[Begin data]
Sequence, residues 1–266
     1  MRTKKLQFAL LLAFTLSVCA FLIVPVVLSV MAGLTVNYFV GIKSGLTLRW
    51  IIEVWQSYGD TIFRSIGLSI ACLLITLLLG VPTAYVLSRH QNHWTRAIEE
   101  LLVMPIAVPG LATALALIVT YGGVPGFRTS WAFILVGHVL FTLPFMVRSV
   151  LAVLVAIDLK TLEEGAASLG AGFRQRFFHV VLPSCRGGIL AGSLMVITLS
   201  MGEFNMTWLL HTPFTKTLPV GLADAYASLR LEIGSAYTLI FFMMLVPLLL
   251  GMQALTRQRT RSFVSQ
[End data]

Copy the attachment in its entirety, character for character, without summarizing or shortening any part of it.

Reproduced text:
Sequence, residues 1–266
     1  MRTKKLQFAL LLAFTLSVCA FLIVPVVLSV MAGLTVNYFV GIKSGLTLRW
    51  IIEVWQSYGD TIFRSIGLSI ACLLITLLLG VPTAYVLSRH QNHWTRAIEE
   101  LLVMPIAVPG LATALALIVT YGGVPGFRTS WAFILVGHVL FTLPFMVRSV
   151  LAVLVAIDLK TLEEGAASLG AGFRQRFFHV VLPSCRGGIL AGSLMVITLS
   201  MGEFNMTWLL HTPFTKTLPV GLADAYASLR LEIGSAYTLI FFMMLVPLLL
   251  GMQALTRQRT RSFVSQ